What does a town planner do and where does he fit in the property development team?
In this series of articles I’m going to discuss the role of the various consultants that make up the development team and, in my mind, a town planner should be an integral part of your team.
These are professionals with a qualification in town planning or urban planning.
Those in private practice have usually been employed by local councils or planning organisations for a number of years.
This is useful because they know the process and understand how the process works from the other side of the counter.
If in the past they may have worked in the municipality in which you are planning to develop a project, they may also know some of the senior staff at the council as well as the elected Councillors.
They should know who is easy to get along with, who is going to be a problem and who is going to require special attention.
There are 4 main ways a town planning consultant will assist you with your project:
1. Give feedback during the design process
I like to get a town planner involved early in the process to view the plans and give an opinion as to their compliance with State Government regulations and local council regulation.
By getting involved early in the piece they will save you considerable cost in major redraws of plans and also considerable time in facilitating the process through the council maze.
2. Write the development application
The town planner will endeavour to pre-empt problems by addressing council’s expectations right from the start.
They will ensure that you lodge all the necessary documentation.
3. Handle further council requests and objections
Many developers choose to make the town planner the central point for all correspondence with council, its planning officers and any objectors.
Council always request further information and the town planner prepares appropriate responses and advise the architect how to redraft his plans in response to council’s request.
If there are objections your town-planning consultant may prepare appropriate responses and become your advocate arguing the case for your project.
Some councils hold mediation meeting with objectors, the developer and council officers to try and find an acceptable solution to objectors concerns.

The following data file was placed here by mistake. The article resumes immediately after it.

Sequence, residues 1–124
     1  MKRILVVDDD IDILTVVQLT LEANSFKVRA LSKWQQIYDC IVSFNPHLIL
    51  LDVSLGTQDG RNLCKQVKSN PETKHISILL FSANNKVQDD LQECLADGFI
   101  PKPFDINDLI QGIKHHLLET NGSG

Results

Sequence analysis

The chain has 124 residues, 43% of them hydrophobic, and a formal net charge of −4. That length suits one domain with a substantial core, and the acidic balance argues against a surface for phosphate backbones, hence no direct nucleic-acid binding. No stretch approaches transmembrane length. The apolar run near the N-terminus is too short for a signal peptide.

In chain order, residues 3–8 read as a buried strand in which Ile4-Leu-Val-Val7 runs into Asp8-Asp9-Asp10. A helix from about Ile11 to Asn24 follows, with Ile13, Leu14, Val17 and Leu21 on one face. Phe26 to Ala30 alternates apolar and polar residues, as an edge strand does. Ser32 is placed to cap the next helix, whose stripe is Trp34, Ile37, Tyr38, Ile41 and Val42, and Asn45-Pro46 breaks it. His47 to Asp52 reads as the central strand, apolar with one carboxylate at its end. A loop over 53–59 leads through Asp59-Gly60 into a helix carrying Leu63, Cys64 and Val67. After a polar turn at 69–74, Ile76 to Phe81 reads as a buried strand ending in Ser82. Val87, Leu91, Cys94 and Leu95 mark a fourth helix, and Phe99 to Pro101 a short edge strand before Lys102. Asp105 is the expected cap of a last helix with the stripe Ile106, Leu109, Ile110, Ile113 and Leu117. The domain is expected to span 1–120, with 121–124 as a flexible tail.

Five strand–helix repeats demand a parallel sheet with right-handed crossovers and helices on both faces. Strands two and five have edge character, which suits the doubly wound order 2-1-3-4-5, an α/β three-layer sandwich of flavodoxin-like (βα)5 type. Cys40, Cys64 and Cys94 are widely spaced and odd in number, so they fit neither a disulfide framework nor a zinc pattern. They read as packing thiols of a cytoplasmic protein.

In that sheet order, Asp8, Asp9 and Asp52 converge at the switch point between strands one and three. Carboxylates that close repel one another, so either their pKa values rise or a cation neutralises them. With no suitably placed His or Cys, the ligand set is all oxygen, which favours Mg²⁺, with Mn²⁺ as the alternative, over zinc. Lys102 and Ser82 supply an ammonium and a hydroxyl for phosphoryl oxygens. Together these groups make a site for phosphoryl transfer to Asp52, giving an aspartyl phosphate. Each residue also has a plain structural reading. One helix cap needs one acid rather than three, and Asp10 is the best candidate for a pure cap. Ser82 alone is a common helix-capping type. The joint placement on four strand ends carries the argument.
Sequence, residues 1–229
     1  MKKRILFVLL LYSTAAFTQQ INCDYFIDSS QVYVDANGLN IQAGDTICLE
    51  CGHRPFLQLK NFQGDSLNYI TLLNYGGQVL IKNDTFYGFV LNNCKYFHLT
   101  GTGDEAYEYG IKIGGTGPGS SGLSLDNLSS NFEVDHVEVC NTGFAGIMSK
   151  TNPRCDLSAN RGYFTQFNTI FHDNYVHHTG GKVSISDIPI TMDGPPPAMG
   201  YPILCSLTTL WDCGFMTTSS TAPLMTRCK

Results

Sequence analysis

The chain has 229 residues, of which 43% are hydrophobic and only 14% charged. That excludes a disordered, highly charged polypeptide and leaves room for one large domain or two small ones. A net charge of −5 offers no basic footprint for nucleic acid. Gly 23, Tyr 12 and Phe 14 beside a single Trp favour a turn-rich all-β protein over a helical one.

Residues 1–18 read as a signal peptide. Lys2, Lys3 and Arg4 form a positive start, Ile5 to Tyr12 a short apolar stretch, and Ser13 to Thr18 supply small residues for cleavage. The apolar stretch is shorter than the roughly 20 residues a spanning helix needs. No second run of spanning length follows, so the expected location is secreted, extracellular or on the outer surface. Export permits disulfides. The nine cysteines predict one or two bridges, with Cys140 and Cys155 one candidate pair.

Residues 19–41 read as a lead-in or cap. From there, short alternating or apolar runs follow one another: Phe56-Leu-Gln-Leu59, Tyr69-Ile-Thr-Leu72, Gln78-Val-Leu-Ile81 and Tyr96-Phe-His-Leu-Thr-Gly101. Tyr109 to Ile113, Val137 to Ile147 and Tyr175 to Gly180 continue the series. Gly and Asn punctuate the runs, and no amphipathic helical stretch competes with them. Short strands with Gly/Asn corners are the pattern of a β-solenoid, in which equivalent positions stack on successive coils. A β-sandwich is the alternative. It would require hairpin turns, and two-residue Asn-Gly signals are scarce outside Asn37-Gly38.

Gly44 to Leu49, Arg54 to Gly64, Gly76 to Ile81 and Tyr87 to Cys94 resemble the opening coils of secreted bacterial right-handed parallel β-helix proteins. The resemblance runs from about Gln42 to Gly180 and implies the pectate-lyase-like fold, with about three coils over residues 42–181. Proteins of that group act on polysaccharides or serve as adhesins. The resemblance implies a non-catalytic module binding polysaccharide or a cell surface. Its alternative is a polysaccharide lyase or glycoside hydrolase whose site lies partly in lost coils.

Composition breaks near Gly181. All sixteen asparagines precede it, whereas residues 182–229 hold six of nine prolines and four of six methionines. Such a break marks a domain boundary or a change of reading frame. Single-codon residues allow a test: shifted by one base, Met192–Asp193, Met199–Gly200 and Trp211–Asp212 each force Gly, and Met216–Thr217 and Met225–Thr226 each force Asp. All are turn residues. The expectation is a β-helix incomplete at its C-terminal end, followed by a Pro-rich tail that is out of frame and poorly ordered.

The town planner may represent you.
By knowing the planning legislation and the rights of objectors and yourself as the applicant for the permit, they will handle your case on your behalf.
4. Handling your case in the appeals court
If your development hits a snag and ends up in the appeals court (in Victoria called VCAT and in NSW the Land and Environment Court), your planning consultant will become your expert witness.
How to pay your planning consultant
The planning consultant will work on either an hourly rate or a set fee negotiated in advance at the beginning of the project.
Usually they will work for a set fee for preparing the development application and lodging it including any written reports.
This could be in the order of $3,000 to $4,000.
They may then charge an hourly rate to be involved in further negotiations with the council or objectors.
The cost of appearance at an appeals hearing is in the order of $3,500 to $5,000.
Ten questions you should ask your town planner
- Which authority/council will make the decision regarding my proposed project?
- What is this council’s attitude towards development projects?
- What experience do you have with applications to this particular authority?
- Do you recommend a pre-application meeting with the council town planners? Why or why not?
- Do third parties (including neighbours) have a right to object to our proposal? If so do you recommend neighbourhood consultation?
- How long will the Development Application process take?
- Do I have a right of appeal to the council decision?
- Do third parties (including neighbours) have a right to appeal the council’s decision?
- In the event of an appeal, where are the likely costs?
- Will there be a need for additional applications to other authorities and at what cost?